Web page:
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Tuesday, July 12, 2005

Stars fit formula for success

The All-Star break is here, which can only mean one thing: no box scores in today's paper.

Of course, it also means that all statistics are frozen for a couple of days, so it's a good time to compile the second annual Stat Guy All-Star team - the best player at each position over the first half of the season.

Players were selected based on extrapolated runs (XR), a formula developed by the Baseball Think Factory that measures the total offensive contribution of a player. Add up XR for all players on a team, and you'll have a good approximation of the total runs for the team. The totals have been adjusted for home ballpark.

So without further ado, here are the winners:

* FIRST BASE: Derrek Lee, Cubs (40.3 extrapolated runs above average). Lee is having the mother of all career seasons. His slugging average is more than 200 points above his previous career best. His career high in home runs is 32. This season, he already has 27. Lee has been the best player in baseball over the first half and has single-handedly kept the flagging Cubs afloat. Runner-up: Albert Pujols, Cardinals (29.9).

* SECOND BASE: Brian Roberts, Orioles (25.0). Whose first half has been more of a surprise — Roberts or Lee? It's a good argument either way. Roberts has already tripled his previous career best in home runs. His 50 doubles last season might have been a precursor to the power spike. If the season ended today, Roberts would probably be the MVP in the American League. Runner-up: Jeff Kent, Dodgers (16.6).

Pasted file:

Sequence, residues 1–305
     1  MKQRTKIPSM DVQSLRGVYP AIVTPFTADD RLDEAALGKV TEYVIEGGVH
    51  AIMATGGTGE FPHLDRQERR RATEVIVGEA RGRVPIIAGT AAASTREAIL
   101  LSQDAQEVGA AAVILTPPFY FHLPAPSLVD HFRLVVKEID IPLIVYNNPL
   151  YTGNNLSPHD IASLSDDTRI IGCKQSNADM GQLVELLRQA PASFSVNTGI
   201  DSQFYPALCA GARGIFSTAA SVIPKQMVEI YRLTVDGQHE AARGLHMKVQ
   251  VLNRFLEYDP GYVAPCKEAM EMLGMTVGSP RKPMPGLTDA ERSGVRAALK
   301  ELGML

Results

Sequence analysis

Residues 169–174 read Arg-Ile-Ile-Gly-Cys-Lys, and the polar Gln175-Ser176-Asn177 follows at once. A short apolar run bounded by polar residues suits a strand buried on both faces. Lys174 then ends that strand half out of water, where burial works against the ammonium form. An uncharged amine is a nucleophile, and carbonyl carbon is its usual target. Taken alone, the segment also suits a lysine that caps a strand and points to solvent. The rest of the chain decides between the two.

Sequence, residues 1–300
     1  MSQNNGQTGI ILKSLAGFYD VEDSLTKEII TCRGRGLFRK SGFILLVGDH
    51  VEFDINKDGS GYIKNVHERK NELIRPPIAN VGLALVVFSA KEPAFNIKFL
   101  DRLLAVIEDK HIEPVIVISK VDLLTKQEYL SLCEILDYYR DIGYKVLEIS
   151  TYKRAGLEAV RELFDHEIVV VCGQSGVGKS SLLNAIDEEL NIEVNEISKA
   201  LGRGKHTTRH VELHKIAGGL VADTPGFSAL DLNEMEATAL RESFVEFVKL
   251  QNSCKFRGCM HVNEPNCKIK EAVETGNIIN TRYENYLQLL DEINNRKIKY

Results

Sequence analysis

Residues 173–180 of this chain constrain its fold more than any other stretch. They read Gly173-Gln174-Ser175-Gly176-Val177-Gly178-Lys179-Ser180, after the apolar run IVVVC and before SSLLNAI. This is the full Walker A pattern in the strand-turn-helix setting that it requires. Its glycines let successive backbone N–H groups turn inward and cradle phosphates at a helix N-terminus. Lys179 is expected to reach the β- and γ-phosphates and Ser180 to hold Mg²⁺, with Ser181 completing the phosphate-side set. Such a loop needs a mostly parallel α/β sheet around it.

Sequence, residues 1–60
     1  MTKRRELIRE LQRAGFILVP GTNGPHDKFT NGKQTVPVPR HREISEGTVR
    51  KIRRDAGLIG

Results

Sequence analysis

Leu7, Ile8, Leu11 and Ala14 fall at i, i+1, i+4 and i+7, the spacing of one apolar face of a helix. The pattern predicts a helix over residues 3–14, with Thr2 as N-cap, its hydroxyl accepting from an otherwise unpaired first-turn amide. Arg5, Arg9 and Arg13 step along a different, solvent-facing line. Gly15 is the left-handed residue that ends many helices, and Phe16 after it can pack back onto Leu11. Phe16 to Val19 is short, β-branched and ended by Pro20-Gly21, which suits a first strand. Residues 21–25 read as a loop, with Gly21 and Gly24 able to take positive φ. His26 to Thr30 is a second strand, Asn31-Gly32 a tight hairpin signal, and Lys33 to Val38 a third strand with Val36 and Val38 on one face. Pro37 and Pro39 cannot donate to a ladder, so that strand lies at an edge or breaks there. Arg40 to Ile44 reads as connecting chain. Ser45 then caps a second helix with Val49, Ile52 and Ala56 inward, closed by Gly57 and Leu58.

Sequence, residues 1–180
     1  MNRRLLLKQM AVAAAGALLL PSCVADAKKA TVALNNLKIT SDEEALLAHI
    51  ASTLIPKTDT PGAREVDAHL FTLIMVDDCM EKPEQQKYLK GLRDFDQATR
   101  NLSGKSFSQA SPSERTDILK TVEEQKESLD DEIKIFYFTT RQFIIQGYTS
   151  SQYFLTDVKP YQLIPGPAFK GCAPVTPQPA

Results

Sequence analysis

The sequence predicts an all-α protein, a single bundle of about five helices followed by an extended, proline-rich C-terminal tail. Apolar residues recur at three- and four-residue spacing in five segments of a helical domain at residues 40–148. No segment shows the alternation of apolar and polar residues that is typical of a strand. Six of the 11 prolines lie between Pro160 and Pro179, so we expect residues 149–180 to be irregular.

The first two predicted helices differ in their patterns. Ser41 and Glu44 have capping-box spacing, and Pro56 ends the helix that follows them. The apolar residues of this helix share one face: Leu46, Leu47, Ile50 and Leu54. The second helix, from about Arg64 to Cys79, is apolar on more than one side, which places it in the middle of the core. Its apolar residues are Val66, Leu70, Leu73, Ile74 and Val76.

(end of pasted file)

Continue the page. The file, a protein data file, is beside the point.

* THIRD BASE: Alex Rodriguez, Yankees (26.6). Curses. If A-Rod hadn't had such a monster first half, the Yankees might have been buried beyond hope. Instead, they enter the break only 2 1/2 games back. The case for picking Rodriguez at the hot corner was not so clear-cut, however. He has been positively statuesque in the field. But the offensive numbers give him too great of a buffer for any other third sackers to overcome. Runner-up: Morgan Ensberg, Astros (18.8).

* SHORTSTOP: Miguel Tejada, Orioles (21.6). Remember the very recent past, when all arguments about shortstops centered on Rodriguez, Derek Jeter and Nomar Garciaparra? Seems like a long time ago. Tejada takes the shortstop spot by a bigger margin than any other position. His defensive numbers are down - but not enough to threaten his perch. Runner-up: Derek Jeter, Yankees (10.6).

* CATCHER: Jason Varitek, Red Sox (8.5). Varitek is another player who takes a defensive position because of dominance with the bat. His defensive numbers are so-so, but he has a good reputation for working with his pitchers. Varitek has always been a plus with the bat, but he may be having his best season. Pudge Rodriguez takes the runner-up spot because of some terrific defensive numbers. Runner-up: Rodriguez, Tigers (0.1).

* LEFT FIELD: Miguel Cabrera, Marlins (21.1). Which young hitter would you rather have, Cabrera or Pujols? When you consider what Cabrera has done by the age of 22, it's not an easy question. Also, when you realize that the most comparable hitter to Pujols' career to date is Joe DiMaggio, Cabrera is off to an awfully good start. His defense isn't great, however. Runner-up: Jason Bay, Pirates (16.4).

* CENTER FIELD: Andruw Jones, Braves (16.5). It seems as if Jones has been around long enough to have played with Hank Aaron - but, in reality, he's still only 28 years old. This may be the monstrous season that Jones always seemed destined for. While his reputation with the glove now exceeds his actual performance, he's still a plus defender. Runner-up: Jim Edmonds, Cardinals (15.4).

* RIGHT FIELD: Brian Giles, Padres (23.0). The breadth of Giles' season is partly masked by the pitcher's park in which he plays, but Giles has been one of the five best offensive players in baseball over the first half. Park factors give Giles the edge over Bobby Abreu. Runner-up: Abreu, Phillies (20.0).


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